This rigorous but brilliantly lucid book presents a self-contained treatment of modern economic dynamics. Nancy L. Stokey, Robert E. Lucas, Jr., and Edward C. Prescott develop the basic methods of recursive analysis and illustrate the many areas where they can usefully be applied.
After presenting an overview of the recursive approach, the authors develop economic applications for deterministic dynamic programming and the stability theory of first-order difference equations. They then treat stochastic dynamic programming and the convergence theory of discrete-time Markov processes, illustrating each with additional economic applications. They also derive a strong law of large numbers for Markov processes. Finally, they present the two fundamental theorems of welfare economics and show how to apply the methods developed earlier to general equilibrium systems.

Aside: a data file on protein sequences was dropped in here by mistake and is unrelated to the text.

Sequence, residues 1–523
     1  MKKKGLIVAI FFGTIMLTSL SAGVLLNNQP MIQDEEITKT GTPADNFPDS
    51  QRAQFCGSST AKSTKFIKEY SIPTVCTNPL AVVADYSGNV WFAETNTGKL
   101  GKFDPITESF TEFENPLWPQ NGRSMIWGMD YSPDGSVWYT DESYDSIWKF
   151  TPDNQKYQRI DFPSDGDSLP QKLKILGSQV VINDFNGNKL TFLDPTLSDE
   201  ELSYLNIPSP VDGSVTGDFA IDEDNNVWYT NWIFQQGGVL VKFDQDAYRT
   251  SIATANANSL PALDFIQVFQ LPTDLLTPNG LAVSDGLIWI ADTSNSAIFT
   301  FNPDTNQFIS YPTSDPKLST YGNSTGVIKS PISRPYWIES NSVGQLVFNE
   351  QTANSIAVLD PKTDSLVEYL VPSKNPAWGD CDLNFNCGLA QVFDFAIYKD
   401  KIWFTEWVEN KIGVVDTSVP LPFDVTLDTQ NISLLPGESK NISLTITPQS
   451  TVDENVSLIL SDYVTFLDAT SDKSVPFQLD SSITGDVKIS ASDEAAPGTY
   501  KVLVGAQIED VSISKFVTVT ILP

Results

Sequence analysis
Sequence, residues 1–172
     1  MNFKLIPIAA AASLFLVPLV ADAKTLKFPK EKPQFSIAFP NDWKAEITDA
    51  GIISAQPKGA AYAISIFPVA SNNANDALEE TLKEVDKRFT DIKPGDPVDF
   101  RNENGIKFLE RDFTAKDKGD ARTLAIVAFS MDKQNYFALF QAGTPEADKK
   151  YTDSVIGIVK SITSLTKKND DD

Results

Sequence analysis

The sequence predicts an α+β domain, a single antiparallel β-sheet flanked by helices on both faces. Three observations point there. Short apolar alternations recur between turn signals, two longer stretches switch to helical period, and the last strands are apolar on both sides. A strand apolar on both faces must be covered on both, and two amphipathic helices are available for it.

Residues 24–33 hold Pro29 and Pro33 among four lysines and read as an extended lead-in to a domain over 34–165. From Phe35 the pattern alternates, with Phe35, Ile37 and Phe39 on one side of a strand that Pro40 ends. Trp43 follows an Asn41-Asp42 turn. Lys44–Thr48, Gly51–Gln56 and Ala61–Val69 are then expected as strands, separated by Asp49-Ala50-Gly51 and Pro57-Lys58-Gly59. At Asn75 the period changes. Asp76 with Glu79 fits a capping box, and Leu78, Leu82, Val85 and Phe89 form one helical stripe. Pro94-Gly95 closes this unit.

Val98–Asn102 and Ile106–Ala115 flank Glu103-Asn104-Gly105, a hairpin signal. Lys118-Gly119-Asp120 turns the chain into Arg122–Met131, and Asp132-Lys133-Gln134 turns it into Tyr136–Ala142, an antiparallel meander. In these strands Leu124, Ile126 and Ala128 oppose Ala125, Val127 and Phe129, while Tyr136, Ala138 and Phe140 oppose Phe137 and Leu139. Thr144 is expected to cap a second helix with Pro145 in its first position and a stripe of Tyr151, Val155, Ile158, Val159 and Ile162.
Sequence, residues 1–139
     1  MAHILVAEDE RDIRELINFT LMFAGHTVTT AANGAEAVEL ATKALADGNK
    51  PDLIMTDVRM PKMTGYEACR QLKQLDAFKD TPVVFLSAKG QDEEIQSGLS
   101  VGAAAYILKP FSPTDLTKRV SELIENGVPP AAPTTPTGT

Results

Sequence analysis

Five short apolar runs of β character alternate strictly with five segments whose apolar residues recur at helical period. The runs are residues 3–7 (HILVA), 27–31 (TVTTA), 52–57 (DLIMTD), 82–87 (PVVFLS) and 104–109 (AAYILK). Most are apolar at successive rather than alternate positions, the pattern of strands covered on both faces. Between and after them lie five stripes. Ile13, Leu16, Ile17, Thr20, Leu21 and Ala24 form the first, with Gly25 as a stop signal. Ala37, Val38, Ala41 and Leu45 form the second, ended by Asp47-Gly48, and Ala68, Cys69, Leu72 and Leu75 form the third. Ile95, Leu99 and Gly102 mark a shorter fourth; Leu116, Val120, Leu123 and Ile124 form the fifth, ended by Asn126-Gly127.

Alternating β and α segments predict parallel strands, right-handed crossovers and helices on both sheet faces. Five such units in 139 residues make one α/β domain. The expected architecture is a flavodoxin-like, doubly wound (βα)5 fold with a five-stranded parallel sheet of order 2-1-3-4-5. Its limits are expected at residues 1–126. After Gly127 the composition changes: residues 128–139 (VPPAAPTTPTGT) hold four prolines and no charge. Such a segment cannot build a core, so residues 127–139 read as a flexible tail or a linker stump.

The authors go on to apply their methods to many areas of economics. Models of firm and industry investment, household consumption behavior, long-run growth, capital accumulation, job search, job matching, inventory behavior, asset pricing, and money demand are among those they use to show how predictions can he made about individual and social behavior. Researchers and graduate students in economic theory will find this book essential.